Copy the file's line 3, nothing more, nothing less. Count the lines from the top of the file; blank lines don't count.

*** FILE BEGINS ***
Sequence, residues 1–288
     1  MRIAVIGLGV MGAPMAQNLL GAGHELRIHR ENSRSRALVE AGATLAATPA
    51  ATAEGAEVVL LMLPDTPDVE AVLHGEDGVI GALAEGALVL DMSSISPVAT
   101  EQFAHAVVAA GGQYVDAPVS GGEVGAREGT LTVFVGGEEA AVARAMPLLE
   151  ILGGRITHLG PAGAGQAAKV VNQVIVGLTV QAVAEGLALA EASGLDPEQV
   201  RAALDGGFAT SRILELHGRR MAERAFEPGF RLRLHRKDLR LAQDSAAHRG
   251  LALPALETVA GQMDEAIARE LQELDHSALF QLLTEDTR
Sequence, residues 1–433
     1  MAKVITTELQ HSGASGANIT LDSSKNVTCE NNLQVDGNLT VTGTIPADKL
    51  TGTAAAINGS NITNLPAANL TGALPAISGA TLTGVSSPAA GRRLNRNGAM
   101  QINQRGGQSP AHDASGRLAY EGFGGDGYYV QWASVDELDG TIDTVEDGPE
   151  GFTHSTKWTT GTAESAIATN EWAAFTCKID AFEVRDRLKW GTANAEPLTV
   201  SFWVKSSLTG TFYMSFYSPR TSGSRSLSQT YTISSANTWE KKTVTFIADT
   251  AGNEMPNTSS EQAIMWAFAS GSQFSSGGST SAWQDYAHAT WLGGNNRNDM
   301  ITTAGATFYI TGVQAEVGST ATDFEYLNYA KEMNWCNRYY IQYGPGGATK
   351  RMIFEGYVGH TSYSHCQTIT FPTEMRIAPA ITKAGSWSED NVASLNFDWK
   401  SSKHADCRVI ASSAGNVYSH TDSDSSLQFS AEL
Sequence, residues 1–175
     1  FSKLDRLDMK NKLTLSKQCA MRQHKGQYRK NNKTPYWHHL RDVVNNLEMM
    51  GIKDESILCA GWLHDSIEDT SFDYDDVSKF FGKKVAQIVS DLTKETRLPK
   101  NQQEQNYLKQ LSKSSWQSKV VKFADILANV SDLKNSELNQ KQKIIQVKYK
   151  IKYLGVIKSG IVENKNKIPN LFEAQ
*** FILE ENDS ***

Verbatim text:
    51  ATAEGAEVVL LMLPDTPDVE AVLHGEDGVI GALAEGALVL DMSSISPVAT